- Welcome to Helsinki in May!
- Best practice in data sharing
- Evaluation Reports: Valuable advice to prepare for 2013
- Towards safer use of hazardous substances
- The first list of substances to be evaluated under REACH published: Increasing information for the safe use of substances
- Registrants are encouraged to re-examine their declared company size
- Examples of consumer articles containing SVHCs are now available
- Increased cooperation between the Enterprise Europe Network and ECHA
- New Chair of Committee for Socio-economic Analysis
- Results of the 25th Management Board meeting
- Luisa Consolini, Director of Information Systems: Staying focused
- A Member State's perspective: Substance evaluation is an open process
- Communicating good advice on chemicals to citizens: the Danish model
- Conference on REACH and CLP enforcement: Industry calls for uniform enforcement
Send your feedback to:echanewsletter (at) echa.europa.eu
Päivi Jokiniemi and Paul Trouth
The spring is finally here in Helsinki and we at ECHA warmly welcome you to our seventh Stakeholder's Day to be held on 23 May.
One of the most important aspects of REACH is ensuring the sharing of data between registrants. Companies registering the same substance have a common responsibility to find an agreement on sharing data, keeping in mind the aims of data sharing: minimising costs, avoiding unnecessary animal testing and facilitating the common classification and labelling of substances. Ms Laurence Hoffstadt, a Scientific Officer at ECHA, talks about the challenges and gives her best advice on data sharing to those who will register in 2013.
Companies which have to register substances by the next REACH deadline of 31 May 2013, are strongly advised to use the recommendations from the Evaluation report 2011 to ensure that their dossiers are compliant.
ECHA released the first version of the Classification and Labelling Inventory in February. Publication of the inventory is a big step in hazard communication and in implementing the CLP legislation. In the long run, it will help improve the safe use of hazardous substances by consumers, professional users and industrial workers.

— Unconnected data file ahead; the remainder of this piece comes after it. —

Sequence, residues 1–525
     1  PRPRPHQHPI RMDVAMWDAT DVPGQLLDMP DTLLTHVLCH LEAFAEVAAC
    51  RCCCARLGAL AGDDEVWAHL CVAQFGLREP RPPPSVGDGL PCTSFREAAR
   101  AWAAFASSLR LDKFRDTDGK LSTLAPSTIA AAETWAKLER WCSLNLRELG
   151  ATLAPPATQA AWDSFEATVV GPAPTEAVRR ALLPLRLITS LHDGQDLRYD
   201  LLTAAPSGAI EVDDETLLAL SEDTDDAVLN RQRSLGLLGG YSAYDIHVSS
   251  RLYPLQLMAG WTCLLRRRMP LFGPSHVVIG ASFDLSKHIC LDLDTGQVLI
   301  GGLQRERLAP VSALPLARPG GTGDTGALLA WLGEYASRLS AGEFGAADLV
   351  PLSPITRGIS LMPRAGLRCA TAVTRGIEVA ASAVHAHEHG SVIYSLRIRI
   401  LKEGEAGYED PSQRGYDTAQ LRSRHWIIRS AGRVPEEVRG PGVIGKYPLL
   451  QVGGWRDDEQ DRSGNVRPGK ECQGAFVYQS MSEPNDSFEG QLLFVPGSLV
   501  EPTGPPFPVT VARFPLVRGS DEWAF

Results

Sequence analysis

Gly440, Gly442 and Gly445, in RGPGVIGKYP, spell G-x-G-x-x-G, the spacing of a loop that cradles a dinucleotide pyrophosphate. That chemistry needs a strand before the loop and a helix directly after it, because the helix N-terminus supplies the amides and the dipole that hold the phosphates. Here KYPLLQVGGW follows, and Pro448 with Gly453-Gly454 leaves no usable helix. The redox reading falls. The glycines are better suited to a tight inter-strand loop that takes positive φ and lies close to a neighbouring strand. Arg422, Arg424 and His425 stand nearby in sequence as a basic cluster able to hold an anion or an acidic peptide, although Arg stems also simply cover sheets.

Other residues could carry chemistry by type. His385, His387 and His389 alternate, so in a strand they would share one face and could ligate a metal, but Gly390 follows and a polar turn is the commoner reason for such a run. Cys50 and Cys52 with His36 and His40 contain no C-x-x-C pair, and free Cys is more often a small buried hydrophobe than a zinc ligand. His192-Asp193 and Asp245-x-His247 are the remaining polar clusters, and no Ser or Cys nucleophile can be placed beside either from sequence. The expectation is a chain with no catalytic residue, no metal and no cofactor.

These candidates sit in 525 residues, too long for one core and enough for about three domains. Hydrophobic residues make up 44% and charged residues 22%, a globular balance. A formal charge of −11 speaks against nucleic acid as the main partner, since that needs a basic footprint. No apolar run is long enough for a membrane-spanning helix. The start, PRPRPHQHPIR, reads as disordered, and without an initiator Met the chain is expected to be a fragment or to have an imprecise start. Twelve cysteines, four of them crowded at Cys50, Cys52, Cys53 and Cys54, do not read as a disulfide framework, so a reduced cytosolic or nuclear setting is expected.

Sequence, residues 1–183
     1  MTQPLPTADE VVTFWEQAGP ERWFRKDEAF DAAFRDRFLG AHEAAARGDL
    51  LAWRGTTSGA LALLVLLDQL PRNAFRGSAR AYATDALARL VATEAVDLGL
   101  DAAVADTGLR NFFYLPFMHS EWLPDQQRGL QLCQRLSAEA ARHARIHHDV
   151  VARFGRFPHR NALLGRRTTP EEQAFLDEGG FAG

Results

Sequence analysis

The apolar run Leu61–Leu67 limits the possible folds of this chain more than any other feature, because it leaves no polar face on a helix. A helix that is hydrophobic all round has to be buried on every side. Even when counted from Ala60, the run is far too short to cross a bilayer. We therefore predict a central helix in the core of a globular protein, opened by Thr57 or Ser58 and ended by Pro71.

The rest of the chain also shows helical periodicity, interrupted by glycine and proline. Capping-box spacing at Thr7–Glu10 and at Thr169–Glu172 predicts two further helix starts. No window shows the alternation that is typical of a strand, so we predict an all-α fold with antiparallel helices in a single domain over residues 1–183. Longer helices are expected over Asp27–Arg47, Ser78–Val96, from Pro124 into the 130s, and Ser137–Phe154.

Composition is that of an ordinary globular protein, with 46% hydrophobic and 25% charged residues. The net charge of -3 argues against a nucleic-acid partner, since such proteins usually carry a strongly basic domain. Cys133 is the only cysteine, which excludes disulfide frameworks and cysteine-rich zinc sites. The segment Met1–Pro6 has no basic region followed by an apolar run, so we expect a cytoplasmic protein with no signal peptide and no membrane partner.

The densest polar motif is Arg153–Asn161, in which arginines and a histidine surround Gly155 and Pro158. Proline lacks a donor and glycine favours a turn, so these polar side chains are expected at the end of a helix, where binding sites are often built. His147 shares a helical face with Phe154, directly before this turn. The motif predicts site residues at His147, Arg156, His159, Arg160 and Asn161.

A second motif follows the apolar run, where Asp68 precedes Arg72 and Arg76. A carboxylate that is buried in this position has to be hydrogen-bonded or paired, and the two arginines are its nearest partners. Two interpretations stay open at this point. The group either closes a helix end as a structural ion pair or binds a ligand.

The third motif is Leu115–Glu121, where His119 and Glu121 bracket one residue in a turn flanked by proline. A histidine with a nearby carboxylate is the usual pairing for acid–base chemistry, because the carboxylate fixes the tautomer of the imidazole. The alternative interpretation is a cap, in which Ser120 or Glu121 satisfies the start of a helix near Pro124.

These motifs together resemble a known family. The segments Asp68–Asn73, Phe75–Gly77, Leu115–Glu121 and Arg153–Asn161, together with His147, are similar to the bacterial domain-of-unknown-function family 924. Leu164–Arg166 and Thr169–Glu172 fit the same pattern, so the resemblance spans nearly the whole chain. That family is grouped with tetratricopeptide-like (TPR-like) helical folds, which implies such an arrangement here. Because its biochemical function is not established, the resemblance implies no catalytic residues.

News from ECHA
The first list of substances to be evaluated under REACH published: Increasing information for the safe use of substances
The publication of the Community Rolling Action Plan (CoRAP) at the end of February starts up a new process in REACH: substance evaluation. The aim of substance evaluation is to clarify whether the manufacture or uses of a chemical substance pose a risk to human health or the environment.
Substance evaluation is an integral part of the REACH implementation. It is one of the three evaluation processes under REACH, the other two - examination of testing proposals and dossier compliance checks – are also collectively known as dossier evaluation.
In 2011, ECHA started to verify the correctness of the company size declarations made by small and medium sized enterprises (SMEs) at the time of dossier submission. The results of this verification show that a high proportion of the examined companies did not qualify for the fee reduction that SMEs are entitled to under the REACH and CLP Regulations. Such companies have to pay the appropriate increased fees and an administrative charge. ECHA encourages all SME registrants to ensure that their company size is correctly declared, and inform ECHA if a mistake needs to be corrected.
ECHA has started to publish information on consumer articles containing Substances of Very High Concern (SVHCs) based on both the notifications that companies have submitted to ECHA as well as the information contained in the registration dossiers. The data, available on the ECHA website, describes some of the types and the uses of articles where substances on the Candidate List may be found.